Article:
Grief and closure in a pandemic
Twenty-six years after my sister’s sudden, untimely death, I still don’t know where her ashes are. As with both my parents, I had no chance to say goodbye before she passed.
Each of us during this pandemic goes through what Dan Sheehan called “hell zones.” Mine have to do with being reminded of the “lack of closure” that comes with a loved one dying in an ICU they can’t visit, a funeral they can’t have, a shiva they can’t sit.
A few years after my Mother passed away (thankfully, as she wanted, in her sleep), my Dad and I had a phone conversation about dying alone. In my father’s view, everyone dies alone, because they are the only one taking their last breath. I shouldn’t worry, he told me, about rushing home to beat his passing to say goodbye.
News of covid-19 deaths brought that conversation back to mind — and along with it, a sad acknowledgment that in my immediate family, until a few months after my Dad’s passing, I’ve never had anything resembling a goodbye.
My sister (officially) died from a heart attack at home at age 41. There was always a nagging suspicion that her second husband may have, at the very least, hurried it along, waiting hours to call an ambulance as my sister agonized on the sofa with what he said she said was indigestion.
My parents and I gathered at her house to go through her things, devastated by the sudden death and distressed by unspoken suspicions and nagging questions: didn’t she look ashen over Christmas, hadn’t she seen a doctor for tests recently? But there was no real ritual. I recall gathering in an auditorium of some sort, somewhere I can’t recall, with some kind of “memorial” service if you can call a few remarks in front of rows of folding chairs that. One of her three children from her first marriage — I’ve no idea which — has her ashes.
My father discovered my mother’s body in her bedroom the morning of March 26, 2001. I got a call at work later that morning, but by the time I got on a plane and arrived back in western New York, she’d already been cremated. I was told it was too expensive to keep her body on ice at the morgue for me to say goodbye. I’d been able to spend 6 months at my parents’ home as an adult, in between careers, and so, I told myself, it was okay. I kicked myself for not responding to my Mom’s request to tell her what I remember about my childhood and her parenting.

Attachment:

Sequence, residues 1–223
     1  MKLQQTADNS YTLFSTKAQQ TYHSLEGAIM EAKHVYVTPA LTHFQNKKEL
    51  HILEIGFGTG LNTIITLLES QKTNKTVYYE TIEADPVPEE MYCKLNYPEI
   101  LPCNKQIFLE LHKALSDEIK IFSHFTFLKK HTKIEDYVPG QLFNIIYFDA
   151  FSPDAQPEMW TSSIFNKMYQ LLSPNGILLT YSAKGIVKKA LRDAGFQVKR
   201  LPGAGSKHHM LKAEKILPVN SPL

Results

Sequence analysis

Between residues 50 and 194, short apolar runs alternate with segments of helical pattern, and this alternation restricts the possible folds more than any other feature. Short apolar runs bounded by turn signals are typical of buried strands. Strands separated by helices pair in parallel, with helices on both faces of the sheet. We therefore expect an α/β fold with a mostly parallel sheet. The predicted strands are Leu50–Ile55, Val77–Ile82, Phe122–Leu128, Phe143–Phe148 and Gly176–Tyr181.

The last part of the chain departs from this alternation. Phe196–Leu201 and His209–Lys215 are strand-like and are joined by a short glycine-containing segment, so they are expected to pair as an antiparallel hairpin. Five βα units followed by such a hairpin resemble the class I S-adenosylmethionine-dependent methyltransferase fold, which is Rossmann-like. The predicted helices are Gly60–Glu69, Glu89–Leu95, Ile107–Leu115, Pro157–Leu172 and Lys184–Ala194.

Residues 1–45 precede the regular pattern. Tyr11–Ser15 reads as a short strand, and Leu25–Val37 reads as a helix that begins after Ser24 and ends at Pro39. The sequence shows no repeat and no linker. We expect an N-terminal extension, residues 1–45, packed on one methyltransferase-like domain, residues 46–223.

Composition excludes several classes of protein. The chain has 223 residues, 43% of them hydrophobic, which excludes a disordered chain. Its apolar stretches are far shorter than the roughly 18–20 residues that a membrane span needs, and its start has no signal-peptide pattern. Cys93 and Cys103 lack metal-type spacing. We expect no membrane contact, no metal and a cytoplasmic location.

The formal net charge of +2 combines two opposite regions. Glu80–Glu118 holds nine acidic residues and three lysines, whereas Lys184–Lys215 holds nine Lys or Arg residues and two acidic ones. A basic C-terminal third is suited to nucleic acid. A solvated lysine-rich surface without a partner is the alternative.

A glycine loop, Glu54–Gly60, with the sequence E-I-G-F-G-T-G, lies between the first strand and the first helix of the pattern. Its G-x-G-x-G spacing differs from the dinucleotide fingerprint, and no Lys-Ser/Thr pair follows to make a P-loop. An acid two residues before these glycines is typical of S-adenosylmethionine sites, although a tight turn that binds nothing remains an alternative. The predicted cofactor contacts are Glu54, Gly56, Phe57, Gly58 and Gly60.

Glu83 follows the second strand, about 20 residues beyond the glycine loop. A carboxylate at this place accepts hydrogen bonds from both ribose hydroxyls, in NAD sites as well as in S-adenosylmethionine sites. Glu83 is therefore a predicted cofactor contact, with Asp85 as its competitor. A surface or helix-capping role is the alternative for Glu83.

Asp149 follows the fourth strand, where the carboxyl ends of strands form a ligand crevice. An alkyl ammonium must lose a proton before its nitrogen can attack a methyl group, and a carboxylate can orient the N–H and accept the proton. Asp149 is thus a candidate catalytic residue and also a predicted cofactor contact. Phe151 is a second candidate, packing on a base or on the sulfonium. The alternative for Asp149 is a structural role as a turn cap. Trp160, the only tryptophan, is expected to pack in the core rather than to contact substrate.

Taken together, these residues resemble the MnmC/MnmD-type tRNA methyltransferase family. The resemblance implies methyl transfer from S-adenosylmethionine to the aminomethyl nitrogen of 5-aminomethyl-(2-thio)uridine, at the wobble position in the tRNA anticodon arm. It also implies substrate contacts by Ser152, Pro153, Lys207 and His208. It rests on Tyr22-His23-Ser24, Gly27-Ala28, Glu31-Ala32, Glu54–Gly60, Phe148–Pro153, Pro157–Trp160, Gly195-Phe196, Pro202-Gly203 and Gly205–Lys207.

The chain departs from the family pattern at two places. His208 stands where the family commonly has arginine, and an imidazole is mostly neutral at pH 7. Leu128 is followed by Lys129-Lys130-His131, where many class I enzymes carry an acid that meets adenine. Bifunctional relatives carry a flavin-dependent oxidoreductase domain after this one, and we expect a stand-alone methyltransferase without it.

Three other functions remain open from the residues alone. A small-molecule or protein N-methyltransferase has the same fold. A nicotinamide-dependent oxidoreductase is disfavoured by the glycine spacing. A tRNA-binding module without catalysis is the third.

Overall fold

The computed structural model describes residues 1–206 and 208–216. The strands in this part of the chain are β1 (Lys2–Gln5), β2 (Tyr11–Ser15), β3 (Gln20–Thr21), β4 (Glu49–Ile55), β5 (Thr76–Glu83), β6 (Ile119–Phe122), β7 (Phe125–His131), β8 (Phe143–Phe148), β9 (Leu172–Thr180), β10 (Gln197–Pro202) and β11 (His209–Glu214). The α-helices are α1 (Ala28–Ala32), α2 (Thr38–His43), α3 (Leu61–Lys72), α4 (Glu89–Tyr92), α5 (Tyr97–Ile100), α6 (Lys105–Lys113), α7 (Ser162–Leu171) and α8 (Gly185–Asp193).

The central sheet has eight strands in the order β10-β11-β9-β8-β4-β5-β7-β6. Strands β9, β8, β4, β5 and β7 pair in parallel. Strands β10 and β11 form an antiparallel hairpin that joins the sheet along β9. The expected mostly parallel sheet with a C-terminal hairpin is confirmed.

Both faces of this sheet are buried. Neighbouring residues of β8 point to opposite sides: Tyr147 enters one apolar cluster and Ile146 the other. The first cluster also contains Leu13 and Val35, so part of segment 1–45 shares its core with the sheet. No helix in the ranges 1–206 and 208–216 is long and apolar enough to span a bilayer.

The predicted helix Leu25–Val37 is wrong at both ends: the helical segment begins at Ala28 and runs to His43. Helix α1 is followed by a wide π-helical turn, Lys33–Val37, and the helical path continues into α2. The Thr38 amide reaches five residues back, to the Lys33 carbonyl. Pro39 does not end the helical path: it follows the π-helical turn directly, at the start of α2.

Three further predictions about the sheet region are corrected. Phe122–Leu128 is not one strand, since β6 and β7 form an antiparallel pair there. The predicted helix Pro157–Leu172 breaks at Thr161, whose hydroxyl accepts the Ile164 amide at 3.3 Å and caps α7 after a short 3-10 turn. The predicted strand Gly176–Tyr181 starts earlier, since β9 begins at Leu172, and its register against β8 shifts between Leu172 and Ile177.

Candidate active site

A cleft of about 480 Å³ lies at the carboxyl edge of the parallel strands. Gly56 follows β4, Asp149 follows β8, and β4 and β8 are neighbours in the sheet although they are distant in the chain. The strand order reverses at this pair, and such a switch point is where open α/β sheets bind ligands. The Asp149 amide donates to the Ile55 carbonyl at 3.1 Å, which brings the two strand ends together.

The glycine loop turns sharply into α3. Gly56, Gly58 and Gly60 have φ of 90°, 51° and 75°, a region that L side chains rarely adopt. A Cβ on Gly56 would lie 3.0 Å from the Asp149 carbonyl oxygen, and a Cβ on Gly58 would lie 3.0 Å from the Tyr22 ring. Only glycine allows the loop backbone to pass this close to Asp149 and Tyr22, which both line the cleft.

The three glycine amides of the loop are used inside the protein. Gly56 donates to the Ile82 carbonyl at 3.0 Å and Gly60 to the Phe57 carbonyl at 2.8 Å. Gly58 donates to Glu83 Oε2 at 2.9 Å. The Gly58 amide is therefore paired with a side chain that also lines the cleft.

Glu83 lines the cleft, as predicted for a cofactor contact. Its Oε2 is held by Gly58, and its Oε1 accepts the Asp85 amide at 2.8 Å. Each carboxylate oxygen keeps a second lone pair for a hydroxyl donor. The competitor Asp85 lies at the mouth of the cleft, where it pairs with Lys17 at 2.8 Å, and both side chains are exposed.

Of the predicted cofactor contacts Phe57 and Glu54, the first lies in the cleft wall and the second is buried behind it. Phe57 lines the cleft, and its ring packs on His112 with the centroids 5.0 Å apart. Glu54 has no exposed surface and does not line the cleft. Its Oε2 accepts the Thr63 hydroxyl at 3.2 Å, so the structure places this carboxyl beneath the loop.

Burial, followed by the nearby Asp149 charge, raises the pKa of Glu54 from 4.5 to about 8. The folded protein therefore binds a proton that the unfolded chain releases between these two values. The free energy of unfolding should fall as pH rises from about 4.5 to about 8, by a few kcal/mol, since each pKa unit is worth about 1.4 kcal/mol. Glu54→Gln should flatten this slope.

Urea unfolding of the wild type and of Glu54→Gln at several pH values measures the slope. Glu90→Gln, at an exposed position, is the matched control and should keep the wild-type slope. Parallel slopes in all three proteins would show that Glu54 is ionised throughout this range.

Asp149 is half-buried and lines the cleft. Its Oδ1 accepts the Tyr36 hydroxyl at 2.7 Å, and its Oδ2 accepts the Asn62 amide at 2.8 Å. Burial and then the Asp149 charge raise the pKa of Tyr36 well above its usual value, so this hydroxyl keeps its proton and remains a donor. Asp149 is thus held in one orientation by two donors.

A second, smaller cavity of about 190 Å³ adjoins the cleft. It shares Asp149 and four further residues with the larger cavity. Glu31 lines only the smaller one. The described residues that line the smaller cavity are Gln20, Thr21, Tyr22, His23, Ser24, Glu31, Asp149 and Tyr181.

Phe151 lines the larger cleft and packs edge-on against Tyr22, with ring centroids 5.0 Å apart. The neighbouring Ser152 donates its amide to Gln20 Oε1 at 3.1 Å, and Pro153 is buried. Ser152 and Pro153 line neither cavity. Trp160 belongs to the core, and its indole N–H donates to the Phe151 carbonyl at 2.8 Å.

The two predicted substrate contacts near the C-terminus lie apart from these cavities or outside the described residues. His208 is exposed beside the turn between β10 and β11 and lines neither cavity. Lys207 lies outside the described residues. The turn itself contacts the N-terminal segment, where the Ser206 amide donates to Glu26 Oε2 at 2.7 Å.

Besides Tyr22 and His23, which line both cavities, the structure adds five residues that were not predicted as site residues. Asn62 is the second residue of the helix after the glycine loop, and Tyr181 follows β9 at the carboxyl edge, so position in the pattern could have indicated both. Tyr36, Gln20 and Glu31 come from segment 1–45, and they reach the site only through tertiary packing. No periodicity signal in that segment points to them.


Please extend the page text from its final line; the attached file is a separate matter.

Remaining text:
For 9 years after that, my Mom’s ashes rested in a large urn on top of the TV in the living room. A fact which somehow my mind decided not to register AT ALL in the day or two I spent at “home” during Christmas. My father’s health went on a steady decline, my brother saddled with the 90-minute round trip drive from semi-rural western New York to suburban Buffalo to check in, visit, and eventually, discover the evidence of his decline: stains on the carpet from falling and spilling pop — or worse.
The Christmas before he died, Dad told me he didn’t want me to come home, because he didn’t want me to see him doing so poorly. I reached out to his doctor, who assured me things were “okay;” the same dumb-ass doctor who assured my brother, as my Dad lay in intensive care, hours away from death, that Dad was a fighter and he was going to make it. Five hundred miles away, I didn’t even know he was in the hospital. My brother told me that he didn’t want me to be called.
Once again, I flew up to Buffalo. Once again, nothing remained but ashes. As my brother and I started cleaning out the house, I found calendars in his bedside drawer. Every single day for nine years until the last week of his life, my Dad wrote “I miss you Lor,” with a ♡.
Eventually, in the summer after my Dad’s passing in 2010–16 years after my sister passed, 9 years after my mother died — we had a ceremony: interring my parents’ co-mingled ashes into a crypt, with a handful of family and friends in attendance. Finally, a goodbye.